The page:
De regulering van de levensloop van mensen onder ongunstige omstandigheden: bestudering van de rol van aangeboren immuniteit in de wisselwerking tussen voortplantingssucces en overleving op zeer jonge leeftijd in het noordoosten van Ghana
03 / 2005 - 04 / 2009
Nederlandse Organisatie voor Wetenschappelijk Onderzoek (NWO)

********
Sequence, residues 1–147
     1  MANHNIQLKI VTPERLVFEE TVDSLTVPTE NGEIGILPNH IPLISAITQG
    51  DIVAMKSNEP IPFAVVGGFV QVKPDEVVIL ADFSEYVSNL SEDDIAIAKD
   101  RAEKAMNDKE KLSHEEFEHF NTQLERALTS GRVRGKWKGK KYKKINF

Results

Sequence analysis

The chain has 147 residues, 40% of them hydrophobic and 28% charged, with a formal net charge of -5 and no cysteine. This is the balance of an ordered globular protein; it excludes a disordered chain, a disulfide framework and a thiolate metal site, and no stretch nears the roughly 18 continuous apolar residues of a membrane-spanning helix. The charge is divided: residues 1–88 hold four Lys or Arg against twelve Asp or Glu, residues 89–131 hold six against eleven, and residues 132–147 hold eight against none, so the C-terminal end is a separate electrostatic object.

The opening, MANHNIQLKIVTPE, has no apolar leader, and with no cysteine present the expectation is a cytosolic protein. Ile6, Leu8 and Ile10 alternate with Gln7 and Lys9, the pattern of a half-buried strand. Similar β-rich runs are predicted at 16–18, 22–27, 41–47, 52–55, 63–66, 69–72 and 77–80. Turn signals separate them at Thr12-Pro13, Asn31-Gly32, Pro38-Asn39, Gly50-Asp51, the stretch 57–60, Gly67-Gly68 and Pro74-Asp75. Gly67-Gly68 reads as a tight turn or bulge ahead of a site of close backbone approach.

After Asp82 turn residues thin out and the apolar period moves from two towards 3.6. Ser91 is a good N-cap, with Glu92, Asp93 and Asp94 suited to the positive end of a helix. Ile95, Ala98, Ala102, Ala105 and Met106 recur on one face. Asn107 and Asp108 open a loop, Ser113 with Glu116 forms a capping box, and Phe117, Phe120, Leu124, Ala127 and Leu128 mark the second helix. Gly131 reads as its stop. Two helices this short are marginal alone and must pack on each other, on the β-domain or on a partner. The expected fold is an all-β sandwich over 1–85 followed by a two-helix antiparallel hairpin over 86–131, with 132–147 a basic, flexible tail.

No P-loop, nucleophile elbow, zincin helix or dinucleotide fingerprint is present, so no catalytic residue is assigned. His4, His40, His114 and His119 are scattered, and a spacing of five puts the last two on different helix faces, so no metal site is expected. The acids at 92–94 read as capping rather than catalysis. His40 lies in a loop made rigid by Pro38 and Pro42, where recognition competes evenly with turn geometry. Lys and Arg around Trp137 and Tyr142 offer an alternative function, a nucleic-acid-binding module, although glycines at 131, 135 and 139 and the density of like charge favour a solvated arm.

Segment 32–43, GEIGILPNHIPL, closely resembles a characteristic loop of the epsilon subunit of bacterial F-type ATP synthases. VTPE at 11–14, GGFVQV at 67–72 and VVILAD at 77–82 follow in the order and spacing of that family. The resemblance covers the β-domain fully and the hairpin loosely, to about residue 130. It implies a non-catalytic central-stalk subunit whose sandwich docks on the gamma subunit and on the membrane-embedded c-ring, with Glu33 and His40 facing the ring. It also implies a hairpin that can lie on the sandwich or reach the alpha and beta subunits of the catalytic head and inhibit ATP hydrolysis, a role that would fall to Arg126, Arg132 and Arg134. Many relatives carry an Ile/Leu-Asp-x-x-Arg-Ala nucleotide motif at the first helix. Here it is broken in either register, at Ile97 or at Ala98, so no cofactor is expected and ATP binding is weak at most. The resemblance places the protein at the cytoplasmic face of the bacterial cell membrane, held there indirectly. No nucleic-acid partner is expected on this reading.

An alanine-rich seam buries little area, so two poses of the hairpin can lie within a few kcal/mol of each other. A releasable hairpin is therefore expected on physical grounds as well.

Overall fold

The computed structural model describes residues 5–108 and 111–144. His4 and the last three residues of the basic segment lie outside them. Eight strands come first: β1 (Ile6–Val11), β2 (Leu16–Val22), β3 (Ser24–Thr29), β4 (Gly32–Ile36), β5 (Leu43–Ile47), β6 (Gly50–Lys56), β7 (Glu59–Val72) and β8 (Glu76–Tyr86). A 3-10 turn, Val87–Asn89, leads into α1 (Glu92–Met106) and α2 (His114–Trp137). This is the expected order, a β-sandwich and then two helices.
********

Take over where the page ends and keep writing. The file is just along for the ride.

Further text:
It has been hypothesised that the regulation of human life histories is explained by the disposable soma theory, which postulates that investments in survival are traded against investments in reproduction. We consider the innate immune system as one of the main regulatory mechanisms that can explain for this trade-off. After all, a strong immune response offers protection against, amongst other things dangers, mortality from infection, whereas it increases the risk of a prematurely interrupted pregnancy. Here, we argue that this immunogenetic trade-off is best being studied in a population living under adverse conditions where infection is the main cause of death. In the present work we propose to perform a combined cross-sectional and longitudinal study in Bawku-East, an underdeveloped area in the Upper East Region of Ghana. We have previously shown for women living in this area that fecundity is inversely related with the proportional survival of their offspring. This confirms, at least at the phenotypic level, that investments in reproduction trades off with early survival. The first aim of the present proposal is to characterise the innate immune responses of hyper- versus hypofertile women. Hereto, we will perform ex vivo whole blood stimulations with bacterial lipopolysaccharide (LPS) in a series of 500 women and study these cytokine profiles (including Tumour Necrosis Factor-alpha and Interleukin-10) in association with the variation in reproductive success and proportional child survival. Second, the contribution of candidate genes will be studied by identifying polymorphisms that associate with the responsiveness of the innate immune system, and those of the Toll-like receptor system and Interleukin-10 in particular. Genetic variation in these receptors and interleukins has already been associated with variation in cytokine profiles and fertility histories of women under affluent conditions. Third, in a longitudinal study we aim to confirm that these genetic markers, as identified in the women, predict early survival of children. Hereto, we will include four cohorts of newborns (in total approximately 3000 children) that will be followed for survival dependent on their genetic background. We expect to provide evidence that under adverse conditions there is selection for a pro-inflammatory response pattern. This knowledge adds to our basic understanding of host defence mechanisms and may offer new strategies to combat infectious diseases. Moreover, knowledge on the regulation of human life histories under adverse conditions is key to comprehend and anticipate on the expression of chronic diseases under new, affluent conditions.